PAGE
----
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A Greater Green Thumb

Make Your Garden Environmentally Green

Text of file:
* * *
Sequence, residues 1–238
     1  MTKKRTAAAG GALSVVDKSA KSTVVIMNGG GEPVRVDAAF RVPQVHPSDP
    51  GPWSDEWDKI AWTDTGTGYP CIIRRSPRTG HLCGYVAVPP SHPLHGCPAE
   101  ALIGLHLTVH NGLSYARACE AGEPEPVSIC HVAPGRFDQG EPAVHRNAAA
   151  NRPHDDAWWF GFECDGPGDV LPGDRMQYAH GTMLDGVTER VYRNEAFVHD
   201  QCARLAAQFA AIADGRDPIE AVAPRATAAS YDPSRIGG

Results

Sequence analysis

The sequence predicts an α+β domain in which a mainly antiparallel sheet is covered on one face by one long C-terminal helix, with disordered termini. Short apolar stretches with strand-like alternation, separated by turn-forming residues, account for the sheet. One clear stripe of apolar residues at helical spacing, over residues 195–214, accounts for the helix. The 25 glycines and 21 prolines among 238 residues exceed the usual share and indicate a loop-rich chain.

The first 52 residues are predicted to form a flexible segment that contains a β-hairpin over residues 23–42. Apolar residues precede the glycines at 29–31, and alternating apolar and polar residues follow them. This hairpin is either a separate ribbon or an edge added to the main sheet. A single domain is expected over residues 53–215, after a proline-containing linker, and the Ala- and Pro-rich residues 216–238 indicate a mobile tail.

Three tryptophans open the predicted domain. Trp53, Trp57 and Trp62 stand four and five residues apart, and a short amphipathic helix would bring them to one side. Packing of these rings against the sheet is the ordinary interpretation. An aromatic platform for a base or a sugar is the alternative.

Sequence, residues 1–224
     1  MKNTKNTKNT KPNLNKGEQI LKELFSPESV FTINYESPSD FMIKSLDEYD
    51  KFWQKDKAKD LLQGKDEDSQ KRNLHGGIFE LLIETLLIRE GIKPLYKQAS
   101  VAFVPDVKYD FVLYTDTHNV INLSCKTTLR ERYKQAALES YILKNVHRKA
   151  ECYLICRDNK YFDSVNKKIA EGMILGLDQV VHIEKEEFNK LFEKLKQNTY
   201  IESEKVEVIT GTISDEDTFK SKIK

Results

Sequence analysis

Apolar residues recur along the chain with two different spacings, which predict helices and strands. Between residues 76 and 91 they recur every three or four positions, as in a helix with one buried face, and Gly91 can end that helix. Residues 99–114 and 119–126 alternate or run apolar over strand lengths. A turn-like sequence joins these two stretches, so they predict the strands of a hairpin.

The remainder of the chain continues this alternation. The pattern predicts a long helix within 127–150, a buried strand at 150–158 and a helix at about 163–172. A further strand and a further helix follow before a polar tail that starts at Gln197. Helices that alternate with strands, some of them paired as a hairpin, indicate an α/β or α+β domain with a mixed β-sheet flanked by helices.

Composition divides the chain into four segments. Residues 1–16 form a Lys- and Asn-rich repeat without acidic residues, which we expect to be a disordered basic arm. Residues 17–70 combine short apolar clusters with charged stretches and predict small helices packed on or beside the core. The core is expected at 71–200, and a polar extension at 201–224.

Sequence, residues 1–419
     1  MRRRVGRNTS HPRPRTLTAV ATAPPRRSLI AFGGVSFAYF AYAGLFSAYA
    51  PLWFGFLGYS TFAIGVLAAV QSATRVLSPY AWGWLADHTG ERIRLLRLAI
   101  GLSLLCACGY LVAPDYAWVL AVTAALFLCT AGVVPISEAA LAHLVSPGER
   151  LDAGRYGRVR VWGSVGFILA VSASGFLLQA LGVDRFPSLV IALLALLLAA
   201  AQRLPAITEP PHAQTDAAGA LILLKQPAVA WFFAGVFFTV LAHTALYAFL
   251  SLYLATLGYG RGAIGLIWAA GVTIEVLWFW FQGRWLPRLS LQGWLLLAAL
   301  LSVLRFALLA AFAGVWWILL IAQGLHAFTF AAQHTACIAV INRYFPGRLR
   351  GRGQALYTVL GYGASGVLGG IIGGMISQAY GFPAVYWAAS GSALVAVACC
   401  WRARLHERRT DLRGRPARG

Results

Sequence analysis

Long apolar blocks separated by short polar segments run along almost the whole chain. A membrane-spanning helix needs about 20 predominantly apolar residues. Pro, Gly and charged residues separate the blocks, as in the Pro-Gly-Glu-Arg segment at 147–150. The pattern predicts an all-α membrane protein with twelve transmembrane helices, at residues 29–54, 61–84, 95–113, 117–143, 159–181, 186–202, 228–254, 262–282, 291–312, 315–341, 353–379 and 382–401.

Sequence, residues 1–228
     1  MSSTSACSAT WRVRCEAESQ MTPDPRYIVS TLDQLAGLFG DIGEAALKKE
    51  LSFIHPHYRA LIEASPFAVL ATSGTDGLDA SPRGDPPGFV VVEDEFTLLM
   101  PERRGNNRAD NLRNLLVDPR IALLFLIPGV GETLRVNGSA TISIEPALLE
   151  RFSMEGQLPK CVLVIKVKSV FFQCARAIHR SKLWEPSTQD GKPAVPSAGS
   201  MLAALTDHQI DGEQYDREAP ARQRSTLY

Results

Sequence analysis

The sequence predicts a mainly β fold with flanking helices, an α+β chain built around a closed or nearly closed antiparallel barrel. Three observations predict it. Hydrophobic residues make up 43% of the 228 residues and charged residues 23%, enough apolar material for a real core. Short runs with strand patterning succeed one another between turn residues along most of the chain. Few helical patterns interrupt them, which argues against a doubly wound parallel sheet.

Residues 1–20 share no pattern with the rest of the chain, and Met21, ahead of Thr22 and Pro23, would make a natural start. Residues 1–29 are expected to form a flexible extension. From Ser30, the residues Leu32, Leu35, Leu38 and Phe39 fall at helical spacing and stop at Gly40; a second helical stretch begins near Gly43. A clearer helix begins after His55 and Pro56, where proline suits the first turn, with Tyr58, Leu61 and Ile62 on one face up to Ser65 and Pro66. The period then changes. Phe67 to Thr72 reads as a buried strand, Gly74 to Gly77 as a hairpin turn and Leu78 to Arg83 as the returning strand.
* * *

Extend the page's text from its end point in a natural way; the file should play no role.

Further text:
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A Greater Green Thumb: Make Your Garden Environmentally Green We hear so much about "going green" in the news today that we sometimes forget that one of the best ways to be environmentally friendly is through a green thumb! Whether through careful design of a major landscape renovation or small changes to a few habits, making your garden green can be as simple or complex as you want. In fact, don't expect to make major changes in how you care for your yard overnight. Instead, consider some ideas you can implement now and then slowly add to them. As you begin to implement new gardening techniques you will also discover that making your landscape environmentally friendly is not just about saving mother nature - it can also save you money! Here are a few quick ideas to get you started on your new green garden: Pesky weeds: Yes, dousing them with weed killer is easier. However, most are not children, pet or nature friendly. Some old fashioned weed pulling can be great exercise or way to get the kids to earn their allowance. - Try to get weeds early in the year as this will mean less pulling later on. - Pulling a little at a time as you walk down a path is much better than a whole day of work. - Putting down mulch can help prevent weeds. - If you have an area that is overtaken by weeds instead of lawn, you might want to consider replanting the area with low native plants that need little attention. Return of the native: Using native plants in your landscaping is a great way of choosing plants that are accustomed to the climate and resistant to pests in your area. Although not foolproof, you will find native plants much easier to care for than many imports. - Also, many imports can be harmful to the native plants of the area. For example, English Ivy may look pretty when you care for it, but left on its own, it is a weed that quickly overtakes native plants and even trees! Research non-native plants beforehand to make certain they are not really noxious weeds for your environment. Homebrewed compost: Adding a compost bin is a great way to recycle food and yard waste and get something in return for it! Composting does take about 3-6 months before you get to use any results, but once you get the cycle going you will have a great way to decrease your garbage and increase your plants. - There are many styles of compost bins from indoor to outdoor, homemade to store bought - you can even find stylized ones that give character to your décor! - If you don't have a garden but have yard removal, check with your waste company's policies, many companies now offer to take the same items you would put in a compost bin (i.e. vegetable and fruit skins). They in turn use this to make compost for city parks. Even if you aren't using the compost, it is a great way to get this type of waste out of the landfill and to areas where it will be more beneficial. Harvest the rain: While your out picking up a compost bin, add a rain barrel too! These barrels can be placed directly under you gutter downspout or out from under the eaves. It is ideal to use the water regularly to keep it circulating. Overall this will help save on your water usage and bills! Water thoughtfully: Watering your plants properly will avoid unnecessary waste. - Use drip hoses for more even watering and to help decrease your water bill. - When watering plants, pay attention to their roots and water them before the sun is high so the plant has time to drink before it evaporates. - Using mulch around your plants can keep natural moisture in. Just make sure the mulch is not too deep and you leave some space at the base of the plant stem. Grow your groceries: What is more green then eating from your own garden? If you have never gardened before, start with a small plot and easier to grow veggies. For local advice, check out your neighborhood gardening associations which often offer free classes. Getting garden fresh foods on your table not only helps the environment but offers you better flavor and ease of mind as you know exactly what went into your produce. - Don't have a large yard? Urban community gardens are a fun way to build a sense of community, get free gardening help and again, harvest some great tasting produce. - Another way to garden in small spaces are through container gardens. Using containers to grow herbs and smaller vegetables like onions or spinach is a great alternative. - As you garden more, you will begin to start your veggies from seeds rather than buying starts at the store. When making starts of your own, use old milk cartons or other containers that you can recycle and use again and again. Invite the birds and the bees: Utilizing plants in your garden that are naturally appealing to beneficial insects and birds is a great way to improve the life of your plants. These good allies will help cut down on bad bug pests and can be fun to watch too! - Plant flowers and plants that are attractive to butterflies, bees and other naturally beneficial insects. Encouraging natural pollinators and cutting down your use of pesticides is a great combo for these natural little friends. - Some nurseries even sell lady bugs as they are a great natural defense for bug problems. - Invite birds into your yard with berry plants, flowers, and a water bath. Birds are some of your best pest reducers. - If you have berries you want to keep for yourself instead of the birds, there are safe netting options out there that don't trap birds but keep them off your berries! Plan your garden: As we have mentioned in earlier articles, planning out a garden can save you a lot of headache and money down the road. But it can also allow you to be more green. When planning your layout you may pay closer attention to what areas of the yard get more sun or rain and install plants that are suitable for different locations. - You can also minimize your gardening chores by planning certain "wild" areas or buffers using native plants that require little upkeep. Hardscapes: Finally, when planning or renovating your yard, consider the non-organic features. From the paths to the containers, consider what impacts the materials you use will have on the environment and your garden's health. - Recycled materials are becoming more readily available for constructing everything from paths to patios. Take a look at all the options and give these recycled materials a chance. - Try to get planters and containers made of recycled material. Some people get very creative with old items that they turn into planters (i.e. an old sink or wheelbarrow). - Try some of the new solar lights to add lighting features to your yard. They are earth friendly and can save you money! Useful Links EPA: Greenscapes www.epa.gov/epaoswer/non-hw/green/ Information about going green provided by the US Environmental Protection Agency. Includes ideas for homes, businesses and recreational areas. USDA Cooperative State Research, Education, and Extension Service www.csrees.usda.gov/Extension/ "This section of our Web site will help you find your nearest Cooperative Extension office. The Cooperative Extension System is a nationwide, non-credit educational network. Each U.S. state and territory has a state office at its land-grant university and a network of local or regional offices. These offices are staffed by one or more experts who provide useful, practical, and research-based information to agricultural producers, small business owners, youth, consumers, and others in rural areas and communities of all sizes." This resource will help you find state specific plant information. American Horticultural Society List of Mater Gardeners www.ahs.org/master_gardeners/ "The map below links to Master Gardener websites in the United States. Links to Master Gardener programs in three Canadian provinces are listed below as well. Clicking on the map and links below will connect you to some of the best, regionally-specific advice you can get on gardening." To find out more about classes, gardening tips and the best plants for your area, check out these state sites. Buy Green, Going Green, Green Savvy, Eco Products Green Cleaning Products http://www.buygreensavvy.com Quality green and eco friendly products at the best prices!